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New Zealand export log prices edge up in November; Chinese demand remains weak

New Zealand export log prices edged up in November although demand from China, the country's largest market, is likely to remain subdued until the second quarter of next year.

The average wharf gate price for New Zealand A-grade logs rose to $98.1 a tonne, from a revised $96.3 a tonne in October, according to Agrifax's monthly survey of exporters, forest owners and sawmillers. The Agrifax Log Price Indicator, which measures average log prices weighted by grade, advanced to 92.7 from a revised 92.2 in October.

New Zealand log returns were bolstered in the month by declining shipping prices as oil prices fell, some exporters raised prices to fill ships, and as some buyers at South Island ports passed on the lagged effect of price gains from a lower kiwi dollar. Still, import prices in China continued to decline even as log inventories on the wharves of Asia's largest economy reduced on lower supply, as importers found it harder to get credit and housing demand remained lacklustre.

"Inventories on ports are slowly getting better...which generally would mean slight increases in price at New Zealand," said Agrifax forestry analyst Ivan Luketina.

Still, he said China is heading into a seasonal slowdown for building with the arrival of winter and Chinese New Year, which is likely to keep demand for logs subdued.

"Some exporters aren't really expecting much increase in prices there until the second quarter next year," he said, adding lower inventories will likely be dependent on a continued drop off in supply.

China imported 14 percent less logs in the third quarter of this year, compared with the second quarter. Of its major log markets, the country took 13 percent less logs from New Zealand, 10 percent less from Canada and 9 percent less from Russia while supply outside of the main countries dropped away quite significantly following a price correction, Luketina said. Supply from the US hadn't dropped away as much as other main markets and it appeared price drops were yet to be passed through in that market, he said.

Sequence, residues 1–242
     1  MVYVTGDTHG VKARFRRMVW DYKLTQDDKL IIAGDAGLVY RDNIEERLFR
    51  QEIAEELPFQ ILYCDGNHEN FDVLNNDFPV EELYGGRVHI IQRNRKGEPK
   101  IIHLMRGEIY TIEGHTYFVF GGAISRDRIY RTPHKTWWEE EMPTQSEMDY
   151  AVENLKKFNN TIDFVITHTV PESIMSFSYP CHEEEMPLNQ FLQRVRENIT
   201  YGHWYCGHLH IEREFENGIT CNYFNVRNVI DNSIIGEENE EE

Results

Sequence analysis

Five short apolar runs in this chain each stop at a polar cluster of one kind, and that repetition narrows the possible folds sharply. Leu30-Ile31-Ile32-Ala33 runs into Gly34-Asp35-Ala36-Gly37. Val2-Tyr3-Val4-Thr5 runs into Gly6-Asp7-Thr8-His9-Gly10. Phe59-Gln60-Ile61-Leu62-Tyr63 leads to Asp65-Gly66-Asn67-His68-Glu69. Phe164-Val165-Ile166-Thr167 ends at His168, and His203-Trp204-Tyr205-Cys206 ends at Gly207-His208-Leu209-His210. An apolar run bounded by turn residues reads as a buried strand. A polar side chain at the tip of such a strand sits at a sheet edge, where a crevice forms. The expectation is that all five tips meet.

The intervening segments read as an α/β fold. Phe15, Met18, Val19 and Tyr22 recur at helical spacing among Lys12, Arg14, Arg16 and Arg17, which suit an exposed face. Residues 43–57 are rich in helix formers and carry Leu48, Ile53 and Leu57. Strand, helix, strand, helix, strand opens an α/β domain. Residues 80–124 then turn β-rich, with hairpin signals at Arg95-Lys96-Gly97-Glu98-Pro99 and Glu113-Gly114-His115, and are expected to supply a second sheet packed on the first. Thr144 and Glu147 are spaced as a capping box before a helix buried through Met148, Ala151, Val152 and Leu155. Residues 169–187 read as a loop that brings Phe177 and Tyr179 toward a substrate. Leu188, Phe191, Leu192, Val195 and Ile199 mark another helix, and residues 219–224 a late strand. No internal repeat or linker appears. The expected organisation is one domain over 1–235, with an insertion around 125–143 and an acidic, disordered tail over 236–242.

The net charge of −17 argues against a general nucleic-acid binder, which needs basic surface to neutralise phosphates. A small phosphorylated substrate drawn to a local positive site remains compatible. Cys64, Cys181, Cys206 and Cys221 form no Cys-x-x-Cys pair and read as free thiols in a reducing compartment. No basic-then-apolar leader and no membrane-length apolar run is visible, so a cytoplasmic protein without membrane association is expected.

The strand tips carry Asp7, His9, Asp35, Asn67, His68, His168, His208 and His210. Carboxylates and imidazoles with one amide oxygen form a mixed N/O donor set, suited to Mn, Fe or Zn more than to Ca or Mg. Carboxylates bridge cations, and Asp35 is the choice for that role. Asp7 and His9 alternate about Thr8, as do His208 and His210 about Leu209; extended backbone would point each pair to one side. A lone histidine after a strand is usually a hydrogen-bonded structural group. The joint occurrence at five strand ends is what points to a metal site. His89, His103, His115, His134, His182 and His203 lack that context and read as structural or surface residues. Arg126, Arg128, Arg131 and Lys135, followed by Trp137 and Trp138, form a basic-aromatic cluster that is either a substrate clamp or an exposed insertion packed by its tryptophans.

A weak Chinese housing market had squeezed margins for importers of some building materials, with reports some had overstated their inventories in an attempt to secure bank loans, Luketina said.

"It's meant banks there are taking quite a closer look at who they are lending to and whether it is specifically for log imports, or if they are actually using log imports as a front to fund other businesses," he said. "A lot of the importers are finding it hard to get access to the credit they need so it's meant a drop away in demand."

Meanwhile, Chinese property analysts are divided on whether a lifting of bank restrictions on house mortgages will arrest a decline in house prices, he said.

The weaker Chinese log market has prompted some forest owners to turn to the domestic New Zealand market, which has had less price volatility and where the appetite for structural logs is underpinned by demand in the Auckland and Christchurch housing markets.

"A few forest owners are trying to increase what they are sending to the domestic market just to have more stable returns for awhile," Luketina said. "It seems a lot of sawmills are expecting quite a busy summer."

Meanwhile, demand for pruned logs was picking up on optimism about the US housing market, he said.